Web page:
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I am currently home sick and took another look at The Girl Who Leapt Through Time today to pass the time[1], and it remains a strong film on a second viewing. There are significant spoilers ahead.

The Director and the Franchises

Directed by Mamoru Hosoda[2], it can be argued that The Girl Who Leapt Through Time represents a transition from major franchises towards the original works he is perhaps best known for today.

A look at Mr Hosoda’s work, both as key animator and director, prior to The Girl Who Leapt Through Time shows heavy involvement with titles such as Digimon, DragonBall, Sailor Moon[3], and Yu Yu Hakusho.

The Girl Who Leapt Through Time is itself part of a larger franchise, based on a 1967 novel Toki wo Kakeru Shōjo[4] by Yasutaka Tsutsui that has had a number of incarnations over the decades. These include several live action adaptations of the original novel, plus a range of sequel adaptations. The most recent being a live action film in 2010[5].

In this case, the structure of the franchise did impose some limits on Mr Hosoda in that the theme of family that dominates his later work is barely present. Instead the core themes of The Girl Who Leapt Through Time are more oriented towards social harmony and personal responsibility.

The Writer

One thing that’s worth calling out here is that The Girl Who Leapt Through Time seems to be the start of a productive partnership with Satoko Okudera as screenwriter. Ms Okudera is credited with the screenplay for this film, Summer Wars, and a co-credit with Mr Hosoda on Wolf Children[6].

The screenplay for The Girl Who Leapt Through Time is certainly a factor in the strength of the film.

The Film

The story of The Girl Who Leapt Through Time is relatively straight forward in terms of theme and structure: Makoto Konno acquires the ability to time jump when she physically jumps with enough momentum.

However although Makoto can change some events, the major threads are fairly fixed. So this leads to a Groundhog Day sort of effect where Makoto can fine tune or repeat events to her benefit.

Or to avoid conversations, particularly romantic ones, that she’s not ready to face yet.

However as the film wears on, Makoto becomes aware that improving her “luck” damages others, and this escalates to causing real harm.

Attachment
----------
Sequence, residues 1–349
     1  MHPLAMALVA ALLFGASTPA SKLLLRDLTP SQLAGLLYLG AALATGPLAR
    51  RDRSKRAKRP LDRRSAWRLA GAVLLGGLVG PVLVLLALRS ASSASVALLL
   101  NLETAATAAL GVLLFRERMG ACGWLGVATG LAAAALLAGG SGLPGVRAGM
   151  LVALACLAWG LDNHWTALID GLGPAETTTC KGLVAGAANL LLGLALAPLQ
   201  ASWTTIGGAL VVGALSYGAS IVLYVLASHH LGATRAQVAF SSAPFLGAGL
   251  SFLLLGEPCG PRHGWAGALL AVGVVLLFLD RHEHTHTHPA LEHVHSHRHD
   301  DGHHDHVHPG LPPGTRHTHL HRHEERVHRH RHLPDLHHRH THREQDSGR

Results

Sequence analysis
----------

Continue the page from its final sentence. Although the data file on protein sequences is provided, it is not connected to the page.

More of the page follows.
This is where the key theme kicks in: coming of age, defined as taking responsibility for your actions and working to maintain social harmony. Naturally, Makoto makes a number of significant mistakes even as she’s trying to fix things, but to a large extent that’s part of growing up as well.

There’s also a time limit[7]. Although it takes Makoto a while to realise, there’s a limit to the number of time jumps she can perform, and this leads to possibly her greatest mistake before the actual time traveller steps in to save her and her friends.

Wait, what? What actual time traveller?

Ok, this is possibly the only Sometimes More is More moment in The Girl Who Leapt Through Time: a key element of the original novel was a romance between Makoto’s aunt Kazuko Yoshiyama[8] and a time traveller from the far future.

The Girl Who Leapt Through Time repeats this element with Chiaki, one of Makoto’s classmates, but doesn’t really disclose it until the final act. This wouldn’t surprise people familiar with the franchise and, to be fair, is partially signalled by the events leading up to Makoto acquiring the time leaping ability. However it is only partially signalled, and a case could be made to describe it as an Asspull to viewers unfamiliar with the franchise.

I’m willing to let it pass as it plays into the overall drama of the story well enough, and also helps drive Makoto’s coming of age to its logical conclusion.